I Like This

Heart written in sand

On the internet, there is a commonly implemented feature, the LIKE link (or button). For example, in Facebook, one can click LIKE on a news event. Also in Google Reader, one can also click LIKE on an RSS item. The LIKE feature is widespread on the internet and is a good way to quickly gauge audience reception. Note that there is usually no DISLIKE button, most likely due to the fact that the internet can easily turn into a hate filled place and a DISLIKE button would encourage negativity.

However, what exactly is the user indicating that they like?

Does the user like the news event? Does the user like the author’s writing style? Does the user like the image used? There are endless scenarios that could lead a person to click on LIKE. Websites, in the interest of fostering community and continued page views, do not care enough to distinguish this. Maybe it is enough for the website that the user has seen the content, reacted positively, and clicked LIKE.

It’s possible to increase the clarity and usefulness of the LIKE feature. For example:

  • Why – This is the reason that the user likes the item. It could be a category drop down box, a comment box for elaboration, etc. This would make the LIKE feature much more complicated to use and present to users, but it would make it clear what the user actually likes.
  • Dislike – As long as users can LIKE things, it’s always possible that they may instead NOT LIKE things and thus DISLIKE them. By being honest with your users, a website can allow users to indicate what items they LIKE and DISLIKE. If DISLIKE was implemented, it would be important to keep it constructive, if such a thing is possible on the internet. It would be preferable to keep things civil by letting the user express why they dislike it, and try to prevent this from turning into personal, anti-user sentiments.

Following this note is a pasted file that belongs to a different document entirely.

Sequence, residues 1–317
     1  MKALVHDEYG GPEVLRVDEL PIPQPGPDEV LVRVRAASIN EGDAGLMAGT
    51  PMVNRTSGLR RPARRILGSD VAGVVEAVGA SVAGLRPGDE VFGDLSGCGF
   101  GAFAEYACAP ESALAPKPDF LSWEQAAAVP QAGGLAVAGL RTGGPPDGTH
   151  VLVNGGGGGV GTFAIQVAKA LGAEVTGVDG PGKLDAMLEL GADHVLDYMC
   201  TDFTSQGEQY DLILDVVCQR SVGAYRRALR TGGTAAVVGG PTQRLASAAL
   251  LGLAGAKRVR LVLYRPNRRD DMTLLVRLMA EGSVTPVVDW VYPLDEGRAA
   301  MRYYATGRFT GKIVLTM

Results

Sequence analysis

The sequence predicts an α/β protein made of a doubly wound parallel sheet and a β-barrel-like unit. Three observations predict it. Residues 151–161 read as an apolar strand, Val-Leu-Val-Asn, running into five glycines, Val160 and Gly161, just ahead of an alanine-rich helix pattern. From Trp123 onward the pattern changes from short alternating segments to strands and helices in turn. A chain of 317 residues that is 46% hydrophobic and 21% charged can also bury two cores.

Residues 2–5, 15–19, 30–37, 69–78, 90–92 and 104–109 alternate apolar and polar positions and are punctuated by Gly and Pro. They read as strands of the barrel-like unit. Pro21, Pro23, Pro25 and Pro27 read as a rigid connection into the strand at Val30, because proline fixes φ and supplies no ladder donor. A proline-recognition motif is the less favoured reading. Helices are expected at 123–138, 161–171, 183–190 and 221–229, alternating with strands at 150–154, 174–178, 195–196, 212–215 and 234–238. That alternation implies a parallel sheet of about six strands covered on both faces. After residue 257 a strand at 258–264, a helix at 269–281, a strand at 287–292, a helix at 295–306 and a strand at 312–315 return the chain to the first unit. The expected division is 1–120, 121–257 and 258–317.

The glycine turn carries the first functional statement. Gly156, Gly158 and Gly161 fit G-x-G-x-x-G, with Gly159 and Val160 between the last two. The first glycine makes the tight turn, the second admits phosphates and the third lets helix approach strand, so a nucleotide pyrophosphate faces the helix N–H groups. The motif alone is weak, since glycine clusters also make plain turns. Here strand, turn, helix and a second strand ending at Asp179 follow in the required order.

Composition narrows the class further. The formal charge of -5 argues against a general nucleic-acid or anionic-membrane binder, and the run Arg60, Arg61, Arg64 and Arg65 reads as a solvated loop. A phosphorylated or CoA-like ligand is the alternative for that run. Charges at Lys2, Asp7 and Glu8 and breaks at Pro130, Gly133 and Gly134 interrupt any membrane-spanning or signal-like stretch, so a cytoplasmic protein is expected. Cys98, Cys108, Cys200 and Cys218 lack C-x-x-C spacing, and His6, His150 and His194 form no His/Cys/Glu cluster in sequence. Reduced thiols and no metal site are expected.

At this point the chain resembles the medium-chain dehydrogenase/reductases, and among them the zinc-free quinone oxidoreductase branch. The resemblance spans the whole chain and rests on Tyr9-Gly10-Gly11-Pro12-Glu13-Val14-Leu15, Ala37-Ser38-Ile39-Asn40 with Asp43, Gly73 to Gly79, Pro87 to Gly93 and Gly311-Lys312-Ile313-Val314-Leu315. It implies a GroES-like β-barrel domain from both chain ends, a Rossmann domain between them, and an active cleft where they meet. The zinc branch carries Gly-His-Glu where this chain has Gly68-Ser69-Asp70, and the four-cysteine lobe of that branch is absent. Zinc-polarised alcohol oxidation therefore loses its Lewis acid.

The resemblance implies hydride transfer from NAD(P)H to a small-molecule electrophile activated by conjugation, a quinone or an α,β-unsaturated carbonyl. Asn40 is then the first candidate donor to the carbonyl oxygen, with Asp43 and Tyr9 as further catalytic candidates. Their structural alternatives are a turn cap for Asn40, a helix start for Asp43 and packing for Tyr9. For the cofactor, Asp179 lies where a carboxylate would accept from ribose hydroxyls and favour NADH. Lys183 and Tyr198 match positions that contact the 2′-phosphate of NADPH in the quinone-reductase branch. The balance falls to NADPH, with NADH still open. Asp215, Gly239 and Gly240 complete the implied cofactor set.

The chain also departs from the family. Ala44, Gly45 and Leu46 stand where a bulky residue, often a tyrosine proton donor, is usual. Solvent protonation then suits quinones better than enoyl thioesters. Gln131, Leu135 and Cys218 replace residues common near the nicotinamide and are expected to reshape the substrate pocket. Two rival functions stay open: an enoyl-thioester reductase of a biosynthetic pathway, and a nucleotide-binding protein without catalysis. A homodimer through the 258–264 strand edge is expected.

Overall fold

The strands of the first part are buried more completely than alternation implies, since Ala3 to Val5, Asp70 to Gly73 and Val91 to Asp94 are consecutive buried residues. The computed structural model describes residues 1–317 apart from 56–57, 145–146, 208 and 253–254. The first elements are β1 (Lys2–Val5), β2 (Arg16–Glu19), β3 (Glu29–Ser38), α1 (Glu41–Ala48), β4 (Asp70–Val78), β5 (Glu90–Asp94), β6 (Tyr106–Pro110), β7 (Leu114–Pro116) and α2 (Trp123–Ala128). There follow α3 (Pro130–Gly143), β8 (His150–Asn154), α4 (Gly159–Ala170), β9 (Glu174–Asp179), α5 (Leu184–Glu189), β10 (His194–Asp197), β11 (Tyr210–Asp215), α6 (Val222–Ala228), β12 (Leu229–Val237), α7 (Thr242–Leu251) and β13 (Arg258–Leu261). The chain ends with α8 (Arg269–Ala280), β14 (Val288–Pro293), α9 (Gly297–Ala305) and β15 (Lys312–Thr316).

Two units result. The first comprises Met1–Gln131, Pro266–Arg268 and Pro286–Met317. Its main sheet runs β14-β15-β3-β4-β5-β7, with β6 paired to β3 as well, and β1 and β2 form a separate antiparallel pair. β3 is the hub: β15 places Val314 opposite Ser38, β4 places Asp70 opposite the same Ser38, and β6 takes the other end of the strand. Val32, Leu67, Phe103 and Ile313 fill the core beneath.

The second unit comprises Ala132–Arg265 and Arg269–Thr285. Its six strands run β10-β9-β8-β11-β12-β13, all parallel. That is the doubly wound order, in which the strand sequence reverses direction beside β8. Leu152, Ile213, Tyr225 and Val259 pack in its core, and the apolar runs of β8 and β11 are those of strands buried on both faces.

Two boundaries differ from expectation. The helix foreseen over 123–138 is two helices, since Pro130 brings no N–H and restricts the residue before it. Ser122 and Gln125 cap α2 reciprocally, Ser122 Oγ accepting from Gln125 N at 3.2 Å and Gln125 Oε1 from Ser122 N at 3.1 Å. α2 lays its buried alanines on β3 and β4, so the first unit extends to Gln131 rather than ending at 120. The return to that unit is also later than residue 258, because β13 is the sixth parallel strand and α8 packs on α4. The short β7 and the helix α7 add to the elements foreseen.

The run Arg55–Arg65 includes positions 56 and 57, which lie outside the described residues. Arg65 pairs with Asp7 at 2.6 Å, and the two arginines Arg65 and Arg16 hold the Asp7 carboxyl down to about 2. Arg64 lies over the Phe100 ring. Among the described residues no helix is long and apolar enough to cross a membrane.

• Tracking – On Twitter, a person can view Favorites. Favorites are akin to LIKED items. On websites such as Google Reader and Facebook, to my knowledge, a user can’t retrieve a history or listing of what they have LIKED.

The LIKE feature is a welcome addition to the social web. In addition to sharing or commenting, LIKE is another way to indicate relationships between individuals and data. There is a lot of room for improvement with the LIKE feature into something more robust and defined. Right now, the LIKE feature has been used by many sites as a way to maintain feature parity and increase user engagement.

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